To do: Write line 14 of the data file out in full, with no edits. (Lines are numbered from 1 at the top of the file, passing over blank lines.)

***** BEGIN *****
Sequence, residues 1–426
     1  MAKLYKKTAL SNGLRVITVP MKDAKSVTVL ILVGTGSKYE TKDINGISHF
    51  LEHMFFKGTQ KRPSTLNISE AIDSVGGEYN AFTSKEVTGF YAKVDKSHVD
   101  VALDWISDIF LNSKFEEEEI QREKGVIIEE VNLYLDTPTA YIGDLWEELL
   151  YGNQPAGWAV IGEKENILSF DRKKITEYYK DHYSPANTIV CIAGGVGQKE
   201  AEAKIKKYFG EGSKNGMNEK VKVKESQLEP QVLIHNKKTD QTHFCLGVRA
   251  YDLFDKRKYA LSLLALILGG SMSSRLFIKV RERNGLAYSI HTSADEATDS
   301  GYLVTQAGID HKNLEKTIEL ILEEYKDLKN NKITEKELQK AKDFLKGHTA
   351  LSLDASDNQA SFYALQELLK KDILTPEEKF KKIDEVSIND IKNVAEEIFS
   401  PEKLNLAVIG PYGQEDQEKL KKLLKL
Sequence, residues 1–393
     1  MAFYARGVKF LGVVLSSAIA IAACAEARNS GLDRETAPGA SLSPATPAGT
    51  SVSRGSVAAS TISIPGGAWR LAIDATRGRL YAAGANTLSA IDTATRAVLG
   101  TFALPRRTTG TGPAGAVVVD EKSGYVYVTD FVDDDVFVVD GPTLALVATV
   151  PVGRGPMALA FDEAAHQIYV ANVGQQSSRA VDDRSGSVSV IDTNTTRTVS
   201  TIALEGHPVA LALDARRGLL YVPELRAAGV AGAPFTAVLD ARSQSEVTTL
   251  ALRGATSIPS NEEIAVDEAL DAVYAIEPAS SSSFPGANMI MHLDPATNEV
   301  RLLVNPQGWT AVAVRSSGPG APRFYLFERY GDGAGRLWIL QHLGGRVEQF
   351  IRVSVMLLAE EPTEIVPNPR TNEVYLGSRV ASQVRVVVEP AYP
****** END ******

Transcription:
   101  TFALPRRTTG TGPAGAVVVD EKSGYVYVTD FVDDDVFVVD GPTLALVATV